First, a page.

Google charges for web programs

Google has introduced a paid-for version of its web applications it hopes will be popular with small firms.

The paid version adds more storage, phone help and guarantees of availability to the Gmail, calendar, word processing and messaging package.

Industry analysts suggest the move is aimed squarely at Microsoft and its Office suite of programs.

At the same time BT and Microsoft signed a deal to create a marketplace of web-based programs for small firms.

Google's new service costs $50 (£27 or 40 euros) for every account and for this customers get phone support, a guarantee that the online applications will work 99.9% of the time and 10 gigabytes of storage for each e-mail address.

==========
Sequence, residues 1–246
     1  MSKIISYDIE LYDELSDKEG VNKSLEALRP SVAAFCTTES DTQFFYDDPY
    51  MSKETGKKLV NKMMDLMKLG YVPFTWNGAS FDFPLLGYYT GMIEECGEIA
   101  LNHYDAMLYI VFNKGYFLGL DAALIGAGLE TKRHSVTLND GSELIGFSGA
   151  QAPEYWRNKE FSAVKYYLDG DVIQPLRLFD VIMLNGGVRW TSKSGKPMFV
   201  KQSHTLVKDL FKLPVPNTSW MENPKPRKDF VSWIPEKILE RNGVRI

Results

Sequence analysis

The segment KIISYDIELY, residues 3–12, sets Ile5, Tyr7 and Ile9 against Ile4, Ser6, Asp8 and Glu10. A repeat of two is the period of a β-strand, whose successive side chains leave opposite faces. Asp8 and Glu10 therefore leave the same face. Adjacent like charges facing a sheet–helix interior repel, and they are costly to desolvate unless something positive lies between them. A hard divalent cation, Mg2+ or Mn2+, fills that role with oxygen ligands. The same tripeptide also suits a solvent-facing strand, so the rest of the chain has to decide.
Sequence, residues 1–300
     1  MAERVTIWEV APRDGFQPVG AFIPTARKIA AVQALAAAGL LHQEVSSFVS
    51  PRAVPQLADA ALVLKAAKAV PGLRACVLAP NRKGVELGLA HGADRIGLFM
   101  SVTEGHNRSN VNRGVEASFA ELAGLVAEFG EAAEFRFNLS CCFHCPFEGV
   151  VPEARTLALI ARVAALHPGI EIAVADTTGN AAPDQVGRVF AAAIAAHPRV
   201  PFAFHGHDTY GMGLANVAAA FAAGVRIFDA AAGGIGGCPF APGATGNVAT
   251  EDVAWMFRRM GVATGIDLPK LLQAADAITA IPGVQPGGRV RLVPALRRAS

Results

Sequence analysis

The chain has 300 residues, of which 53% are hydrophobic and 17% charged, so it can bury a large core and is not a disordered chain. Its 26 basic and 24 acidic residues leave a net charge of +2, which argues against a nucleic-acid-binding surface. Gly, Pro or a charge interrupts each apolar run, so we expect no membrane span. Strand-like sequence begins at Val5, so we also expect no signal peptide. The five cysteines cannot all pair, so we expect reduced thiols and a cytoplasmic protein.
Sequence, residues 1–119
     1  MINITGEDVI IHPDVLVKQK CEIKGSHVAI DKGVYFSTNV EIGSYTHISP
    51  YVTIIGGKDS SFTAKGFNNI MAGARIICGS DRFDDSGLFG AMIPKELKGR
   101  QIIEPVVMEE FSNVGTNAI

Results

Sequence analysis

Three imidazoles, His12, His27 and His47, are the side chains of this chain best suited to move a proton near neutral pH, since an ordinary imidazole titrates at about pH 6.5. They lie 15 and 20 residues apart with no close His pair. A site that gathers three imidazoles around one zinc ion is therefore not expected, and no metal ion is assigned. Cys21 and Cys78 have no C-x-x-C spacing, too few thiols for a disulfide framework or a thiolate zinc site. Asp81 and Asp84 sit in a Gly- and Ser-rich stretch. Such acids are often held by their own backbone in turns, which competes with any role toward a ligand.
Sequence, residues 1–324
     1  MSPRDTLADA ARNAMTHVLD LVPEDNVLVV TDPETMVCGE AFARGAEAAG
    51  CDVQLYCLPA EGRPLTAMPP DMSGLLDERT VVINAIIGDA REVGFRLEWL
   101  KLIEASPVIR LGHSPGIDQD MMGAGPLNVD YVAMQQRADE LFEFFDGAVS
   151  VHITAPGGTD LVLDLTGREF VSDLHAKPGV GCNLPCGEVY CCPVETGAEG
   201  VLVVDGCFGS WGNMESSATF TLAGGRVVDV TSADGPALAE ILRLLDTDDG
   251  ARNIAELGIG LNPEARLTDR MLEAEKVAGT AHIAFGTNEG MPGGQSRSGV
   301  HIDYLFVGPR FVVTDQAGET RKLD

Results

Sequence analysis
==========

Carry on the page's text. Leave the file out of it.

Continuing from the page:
View: BBC News

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8 Comments

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Google has always offered free versions of their software, such as earth. even with google apps, they still have a free version (with the exception of the domain name)...

If you're charging for it then it's hardly an alternative to Microsoft Office. Why pay for software with so few features when you can have Office?

OpenOffice is an alternative because, although you don't get many features, you also don't have to pay for it.

Okay, can you read?! It's FREE, you have an OPTION to buy subscription which includes SUPPORT and extra space on Gmail, which average users doesn't even need, otherwise you can use it like until now. Learn to read, you won't be able to use any of that without ability to read. Oh, and if you think MS is cheaper, you have to buy Office and then pay extra for support (after free period). Yeah, nice comparison, fanboy.